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A Christmas Carol: Do-Gooders in Dickensian Times

Summary:
Outside of the gospels, A Christmas Carol is probably the most famous Christmas story on earth. Dickens not only wrote a wildly imaginative story filled with wonderful characters, but he infused in it a plea for tolerance and generosity. Not surprisingly, when most people think of this timeless novella, they recall Charles Dickens’s reflections on Christmas spirit and the true meaning of the holiday. But this story can shed light on important economic principles as well. Purportedly written in a frenzied six weeks, A Christmas Carol was Dickens’s emotional response to the treatment of the poor. When reading this book (or almost anything by Dickens for that matter), the dismal socioeconomic landscape of England is vividly depicted. Indeed, in Dickens’s portrayals of the poor, particularly

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Outside of the gospels, A Christmas Carol is probably the most famous Christmas story on earth. Dickens not only wrote a wildly imaginative story filled with wonderful characters, but he infused in it a plea for tolerance and generosity.

Not surprisingly, when most people think of this timeless novella, they recall Charles Dickens’s reflections on Christmas spirit and the true meaning of the holiday. But this story can shed light on important economic principles as well.

Purportedly written in a frenzied six weeks, A Christmas Carol was Dickens’s emotional response to the treatment of the poor. When reading this book (or almost anything by Dickens for that matter), the dismal socioeconomic landscape of England is vividly depicted. Indeed, in Dickens’s portrayals of the poor, particularly the urban poor, people are often living grim, gloomy, and destitute lives. What’s more, he expresses his discontent with treatment of the poor pointedly and without restraint, and for good reason.

As the era of mass industry dawned in Europe and people migrated from rural areas to cities, the number of desperately poor and homeless people increased dramatically. It would have been bad enough if this new destitute class had merely been ignored. Instead, some of the government remedies to “fix” the problem ended up looking more like persecution of the poor.

Noting the steep increase in the nation’s number of poor people, British government officials quickly enacted legislation to ease the public burden of poverty, the most prominent example being the Poor Law Amendment Act of 1834. This legislation claimed to assist the poor—at that time known by the charming Malthusian label of the “surplus population”—by funneling government relief into what were called “workhouses.”

These establishments were notorious for conditions so undesirable that only the truly destitute would seek relief there, and as Dickens wrote in A Christmas Carol, “many would rather die” than endure them. The laws were intended to encourage poor people to stay off the streets and go out to find work, but it had no effect: because the workhouses were so unbearable, poor people decided they would rather be anyplace but there.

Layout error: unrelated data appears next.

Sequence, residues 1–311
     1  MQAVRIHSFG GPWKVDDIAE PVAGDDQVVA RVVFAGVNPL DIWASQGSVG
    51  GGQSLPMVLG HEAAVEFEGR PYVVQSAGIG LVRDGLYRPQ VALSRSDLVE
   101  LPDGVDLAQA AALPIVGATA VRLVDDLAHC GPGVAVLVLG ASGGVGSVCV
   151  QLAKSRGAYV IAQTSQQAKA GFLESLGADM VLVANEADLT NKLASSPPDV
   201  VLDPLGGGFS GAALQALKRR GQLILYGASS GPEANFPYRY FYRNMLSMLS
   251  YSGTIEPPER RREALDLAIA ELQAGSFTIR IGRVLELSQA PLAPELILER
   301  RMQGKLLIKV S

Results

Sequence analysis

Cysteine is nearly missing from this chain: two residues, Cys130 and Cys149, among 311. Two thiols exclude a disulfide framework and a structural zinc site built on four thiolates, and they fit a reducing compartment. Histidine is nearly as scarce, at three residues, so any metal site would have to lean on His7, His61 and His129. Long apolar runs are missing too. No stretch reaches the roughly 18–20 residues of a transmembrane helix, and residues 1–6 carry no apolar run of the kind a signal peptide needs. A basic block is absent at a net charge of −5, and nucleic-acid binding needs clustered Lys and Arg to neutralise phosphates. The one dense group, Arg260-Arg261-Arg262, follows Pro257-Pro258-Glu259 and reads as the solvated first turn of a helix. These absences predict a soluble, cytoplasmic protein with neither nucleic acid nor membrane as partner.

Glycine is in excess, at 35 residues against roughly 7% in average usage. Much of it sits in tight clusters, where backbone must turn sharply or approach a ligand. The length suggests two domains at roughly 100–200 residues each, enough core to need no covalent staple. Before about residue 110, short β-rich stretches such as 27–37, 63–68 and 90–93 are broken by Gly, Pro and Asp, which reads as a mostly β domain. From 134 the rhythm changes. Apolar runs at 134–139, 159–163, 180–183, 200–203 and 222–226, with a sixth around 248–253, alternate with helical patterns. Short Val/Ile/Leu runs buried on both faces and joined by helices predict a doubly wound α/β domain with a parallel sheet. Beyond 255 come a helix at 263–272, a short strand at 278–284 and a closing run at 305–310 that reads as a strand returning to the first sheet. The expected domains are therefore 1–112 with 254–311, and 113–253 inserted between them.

The Poor Laws weren’t the only example of government regulation aggravating the problem. During Dickensian times, some bakeries would allow the poor to use their ovens on Sundays, since they were closed for the Sabbath. But legislation repeatedly targeted this practice in the name of preserving religious observance.

Dickens invokes this in A Christmas Carol when the main character of the story, the literature’s most famous miser, Ebenezer Scrooge, speaks with the Ghost of Christmas Present. Scrooge suggests that the spirit should prevent the poor from eating on the Sabbath, saying that the law prohibiting sharing ovens “has been done in your name.” The ghost responds in righteous anger at the implication and says that while there are some who pass laws like these “in our name,” Scrooge should “charge their doings on them, not us.”

Not only does this demonstrate Dickens’s personal disdain for those who do morally reprehensible things in the name of religion, but it also shows the effect government overregulation has on those who try to help their less fortunate neighbors.

This act of shutting down ovens seems counterproductive and even barbaric, but is it really that different than some government policies today? Consider the widespread prohibitions on providing food for homeless people. Many government regulations prevent people from providing poorer individuals with food, sometimes requiring licenses in the name of safety. In one ghastly case, Missouri health authorities went so far as to pour bleach on food meant for homeless individuals. Dickens would undoubtedly be appalled, but almost certainly not surprised.

While this overregulation seems to be well-intentioned, it hurts poor people by removing their access to charity, and it thwarts those who want to help them.

Perhaps the most important takeaway from A Christmas Carol is the underlying principle of voluntary charity. Government regulation may interfere with charitable acts, but through the transformation of Scrooge, Dickens shows that individuals have great power to improve the lives of others.

Christmas is a reminder that are all charged to help one another and treat those in need as people, or as Dickens put it, “fellow passengers to the grave, and not another race of creatures bound on other journeys.” Christmastime should remind us that when government fails, it is the responsibility of individuals to help those in need.

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